In the last few weeks, Russia has once again been making headlines – and not in a good way. As a charity we cannot comment on politics - it isn’t our place. Our work is focused on helping orphanage leavers in crisis via their local community, not lobbying for political change. This said, we do want to address the negativity by encouraging you to see the real people of Russia.
Two of our staff have lived in Russia and all of us have visited Russia multiple times whilst working for LR. During our trips we have been part of ordinary life in Russia and met ordinary people who, like us, have nothing to do with politics or decisions made by the leaders of their country. Rather than the cold Russians portrayed in the media and entertainment industry, Russian people are some of the most generous and hospitable people we’ve ever met!
Practically every Russian has a sofa bed and extra indoor shoes to accommodate guests! There is always a pot of tea ready when you arrive at a flat, no matter whether the hosts can afford this or not. Being an open and welcoming household is massively important to people in Russia. Something we see every time we visit as we always come home a few pounds heavier from all the food that we have had prepared for us!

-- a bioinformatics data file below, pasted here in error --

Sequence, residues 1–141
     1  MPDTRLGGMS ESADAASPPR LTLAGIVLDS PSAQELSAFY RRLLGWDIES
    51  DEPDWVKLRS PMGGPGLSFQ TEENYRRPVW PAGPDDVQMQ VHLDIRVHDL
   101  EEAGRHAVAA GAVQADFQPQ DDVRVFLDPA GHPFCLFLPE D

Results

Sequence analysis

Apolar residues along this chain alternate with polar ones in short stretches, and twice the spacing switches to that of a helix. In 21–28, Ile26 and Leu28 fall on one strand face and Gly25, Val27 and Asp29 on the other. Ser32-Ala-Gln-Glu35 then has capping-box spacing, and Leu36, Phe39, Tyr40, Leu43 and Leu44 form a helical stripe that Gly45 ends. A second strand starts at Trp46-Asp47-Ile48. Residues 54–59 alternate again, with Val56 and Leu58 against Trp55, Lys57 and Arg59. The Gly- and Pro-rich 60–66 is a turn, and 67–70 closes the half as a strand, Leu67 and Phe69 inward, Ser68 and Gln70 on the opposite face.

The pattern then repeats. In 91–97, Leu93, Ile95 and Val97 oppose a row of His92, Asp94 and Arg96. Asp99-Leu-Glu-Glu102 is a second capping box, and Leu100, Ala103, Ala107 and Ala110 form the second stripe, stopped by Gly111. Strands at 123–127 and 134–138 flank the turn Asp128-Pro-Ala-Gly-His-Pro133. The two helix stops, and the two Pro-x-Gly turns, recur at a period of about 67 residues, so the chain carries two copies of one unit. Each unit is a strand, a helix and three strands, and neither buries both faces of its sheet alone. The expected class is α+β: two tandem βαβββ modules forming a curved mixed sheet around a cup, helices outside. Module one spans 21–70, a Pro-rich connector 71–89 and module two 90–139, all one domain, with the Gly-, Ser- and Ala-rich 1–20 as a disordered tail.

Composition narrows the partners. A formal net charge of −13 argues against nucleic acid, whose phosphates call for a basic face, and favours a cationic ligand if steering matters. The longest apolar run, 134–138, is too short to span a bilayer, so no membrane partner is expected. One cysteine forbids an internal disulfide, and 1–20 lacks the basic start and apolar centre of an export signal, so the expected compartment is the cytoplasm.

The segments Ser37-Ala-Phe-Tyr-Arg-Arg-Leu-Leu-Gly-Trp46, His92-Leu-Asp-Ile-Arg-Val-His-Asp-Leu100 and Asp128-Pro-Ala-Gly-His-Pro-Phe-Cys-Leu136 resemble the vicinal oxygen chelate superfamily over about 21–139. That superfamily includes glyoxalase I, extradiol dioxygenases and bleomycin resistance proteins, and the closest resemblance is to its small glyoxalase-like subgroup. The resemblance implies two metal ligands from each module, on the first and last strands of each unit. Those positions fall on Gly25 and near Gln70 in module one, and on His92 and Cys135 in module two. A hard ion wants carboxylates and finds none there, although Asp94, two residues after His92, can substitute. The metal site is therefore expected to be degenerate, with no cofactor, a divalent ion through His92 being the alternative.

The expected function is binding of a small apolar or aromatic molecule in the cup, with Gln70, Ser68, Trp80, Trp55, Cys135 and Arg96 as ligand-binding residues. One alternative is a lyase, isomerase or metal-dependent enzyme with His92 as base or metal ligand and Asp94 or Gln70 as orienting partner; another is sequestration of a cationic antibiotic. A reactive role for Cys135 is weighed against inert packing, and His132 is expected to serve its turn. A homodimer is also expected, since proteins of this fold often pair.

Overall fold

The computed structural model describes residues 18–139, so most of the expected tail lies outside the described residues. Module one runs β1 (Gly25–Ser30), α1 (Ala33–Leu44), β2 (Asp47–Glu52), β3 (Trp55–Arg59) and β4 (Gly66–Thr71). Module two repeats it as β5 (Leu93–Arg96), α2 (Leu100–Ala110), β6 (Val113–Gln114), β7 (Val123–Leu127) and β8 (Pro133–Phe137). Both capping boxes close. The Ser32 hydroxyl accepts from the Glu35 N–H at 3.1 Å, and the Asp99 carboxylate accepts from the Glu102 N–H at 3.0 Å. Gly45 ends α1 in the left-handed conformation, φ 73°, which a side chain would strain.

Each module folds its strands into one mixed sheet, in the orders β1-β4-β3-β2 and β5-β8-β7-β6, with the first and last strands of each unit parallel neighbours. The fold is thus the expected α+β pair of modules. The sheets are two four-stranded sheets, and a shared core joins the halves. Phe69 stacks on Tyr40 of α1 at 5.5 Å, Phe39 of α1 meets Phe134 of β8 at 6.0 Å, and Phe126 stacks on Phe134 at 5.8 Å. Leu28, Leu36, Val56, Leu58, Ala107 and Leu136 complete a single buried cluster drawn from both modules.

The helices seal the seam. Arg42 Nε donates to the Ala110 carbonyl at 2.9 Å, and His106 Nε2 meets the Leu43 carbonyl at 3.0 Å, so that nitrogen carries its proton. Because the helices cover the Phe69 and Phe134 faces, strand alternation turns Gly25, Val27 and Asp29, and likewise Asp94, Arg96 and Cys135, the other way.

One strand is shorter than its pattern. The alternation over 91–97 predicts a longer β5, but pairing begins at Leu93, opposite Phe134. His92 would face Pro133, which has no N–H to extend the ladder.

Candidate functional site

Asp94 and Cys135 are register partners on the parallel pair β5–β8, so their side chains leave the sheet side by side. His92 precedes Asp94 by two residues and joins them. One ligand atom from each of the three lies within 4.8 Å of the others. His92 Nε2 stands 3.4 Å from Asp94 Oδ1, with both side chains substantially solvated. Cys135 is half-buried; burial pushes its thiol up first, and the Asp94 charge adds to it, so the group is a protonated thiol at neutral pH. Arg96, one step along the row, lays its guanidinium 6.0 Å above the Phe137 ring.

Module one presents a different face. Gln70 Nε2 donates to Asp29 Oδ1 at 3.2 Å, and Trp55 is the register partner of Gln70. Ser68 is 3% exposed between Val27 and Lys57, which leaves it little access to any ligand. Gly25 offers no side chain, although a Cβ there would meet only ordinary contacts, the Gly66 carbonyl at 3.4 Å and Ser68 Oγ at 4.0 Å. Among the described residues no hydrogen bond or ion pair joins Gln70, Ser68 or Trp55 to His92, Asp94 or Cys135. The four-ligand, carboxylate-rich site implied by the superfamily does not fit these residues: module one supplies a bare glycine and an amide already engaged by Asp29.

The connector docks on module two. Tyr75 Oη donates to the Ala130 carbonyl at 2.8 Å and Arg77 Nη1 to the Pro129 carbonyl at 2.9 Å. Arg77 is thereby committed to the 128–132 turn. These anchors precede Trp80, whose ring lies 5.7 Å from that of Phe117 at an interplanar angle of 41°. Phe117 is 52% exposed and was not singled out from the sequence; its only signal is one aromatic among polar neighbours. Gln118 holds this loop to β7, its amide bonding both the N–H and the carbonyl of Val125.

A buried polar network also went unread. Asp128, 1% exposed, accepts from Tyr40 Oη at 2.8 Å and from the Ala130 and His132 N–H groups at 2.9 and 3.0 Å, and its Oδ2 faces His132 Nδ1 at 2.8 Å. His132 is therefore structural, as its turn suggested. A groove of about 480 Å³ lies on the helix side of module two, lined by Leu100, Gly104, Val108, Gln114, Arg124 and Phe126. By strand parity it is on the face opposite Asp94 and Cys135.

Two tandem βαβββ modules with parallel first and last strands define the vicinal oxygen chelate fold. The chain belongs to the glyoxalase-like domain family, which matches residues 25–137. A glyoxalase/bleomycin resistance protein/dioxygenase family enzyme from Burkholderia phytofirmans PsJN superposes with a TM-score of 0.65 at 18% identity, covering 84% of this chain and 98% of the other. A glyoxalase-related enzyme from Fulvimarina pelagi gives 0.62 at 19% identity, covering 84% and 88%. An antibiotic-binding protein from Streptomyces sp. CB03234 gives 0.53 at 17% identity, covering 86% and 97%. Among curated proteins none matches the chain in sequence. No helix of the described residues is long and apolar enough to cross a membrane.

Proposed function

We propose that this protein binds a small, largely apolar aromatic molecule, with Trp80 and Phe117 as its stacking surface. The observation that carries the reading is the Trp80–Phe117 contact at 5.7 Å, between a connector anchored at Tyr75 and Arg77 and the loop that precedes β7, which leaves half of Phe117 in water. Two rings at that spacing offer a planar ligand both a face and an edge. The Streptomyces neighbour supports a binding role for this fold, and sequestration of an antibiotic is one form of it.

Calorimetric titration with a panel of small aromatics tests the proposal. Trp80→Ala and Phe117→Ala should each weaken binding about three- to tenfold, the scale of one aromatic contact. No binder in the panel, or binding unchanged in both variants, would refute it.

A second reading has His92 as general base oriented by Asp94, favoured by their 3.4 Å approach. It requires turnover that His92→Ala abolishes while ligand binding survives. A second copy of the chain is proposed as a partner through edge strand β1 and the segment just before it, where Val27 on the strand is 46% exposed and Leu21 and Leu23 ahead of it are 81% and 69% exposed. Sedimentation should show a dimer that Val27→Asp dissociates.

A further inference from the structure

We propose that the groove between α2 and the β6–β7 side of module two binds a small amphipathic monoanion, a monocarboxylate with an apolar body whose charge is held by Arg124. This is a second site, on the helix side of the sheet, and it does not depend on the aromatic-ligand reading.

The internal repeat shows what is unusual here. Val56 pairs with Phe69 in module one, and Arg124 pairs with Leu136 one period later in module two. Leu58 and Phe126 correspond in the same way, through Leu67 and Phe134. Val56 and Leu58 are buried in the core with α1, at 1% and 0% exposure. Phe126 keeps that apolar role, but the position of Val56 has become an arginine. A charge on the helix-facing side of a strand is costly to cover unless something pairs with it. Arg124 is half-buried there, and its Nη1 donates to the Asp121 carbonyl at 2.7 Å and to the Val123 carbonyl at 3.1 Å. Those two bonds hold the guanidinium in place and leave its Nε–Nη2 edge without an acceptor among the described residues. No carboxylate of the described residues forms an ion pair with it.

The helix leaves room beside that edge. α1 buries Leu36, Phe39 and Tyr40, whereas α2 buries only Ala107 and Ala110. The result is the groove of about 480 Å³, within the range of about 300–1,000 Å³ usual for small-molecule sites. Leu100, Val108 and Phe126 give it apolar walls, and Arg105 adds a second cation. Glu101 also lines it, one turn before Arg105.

Far from being distant and cold to each other, we have seen time and time again that Russians want to connect with others and help people in their communities. Giving your phone number to someone you have just met is not seen as weird because if you have met once you are likely to cultivate a friendship! People we meet in Russia are so supportive of the work our partners in Russia are doing and are quick to ask if there is any way they can help with projects too. Russians may have less disposable income so can’t donate money to worthy causes but they are more than willing to give their time. Over the past week we have highlighted some of the ordinary Russians we have met on our trips and how they are helping in their local communities.
Our friends in Russia are just ordinary people like you and I, nothing like the unfriendly and untrusting “Russians” we see in the media.
Most importantly, the desperately needy and vulnerable people we work with in Russia are at the other end of the spectrum to world politics. Decisions that are made by world leaders deeply affect them yet they have no influence on these decisions. Whatever world leaders choose to do, we must never ignore people in need of help. So please, Ignore the Politics, but See the People.